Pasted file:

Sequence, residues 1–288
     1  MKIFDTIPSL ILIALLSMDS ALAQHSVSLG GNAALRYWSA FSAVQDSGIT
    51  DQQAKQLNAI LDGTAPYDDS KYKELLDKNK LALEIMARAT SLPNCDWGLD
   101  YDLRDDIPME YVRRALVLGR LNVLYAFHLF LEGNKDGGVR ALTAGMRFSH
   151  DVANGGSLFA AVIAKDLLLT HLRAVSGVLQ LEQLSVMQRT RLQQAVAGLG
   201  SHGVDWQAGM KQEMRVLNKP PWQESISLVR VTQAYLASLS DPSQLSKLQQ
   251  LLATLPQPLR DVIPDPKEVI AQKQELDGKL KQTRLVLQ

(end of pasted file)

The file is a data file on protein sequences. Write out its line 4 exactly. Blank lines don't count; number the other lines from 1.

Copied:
   101  YDLRDDIPME YVRRALVLGR LNVLYAFHLF LEGNKDGGVR ALTAGMRFSH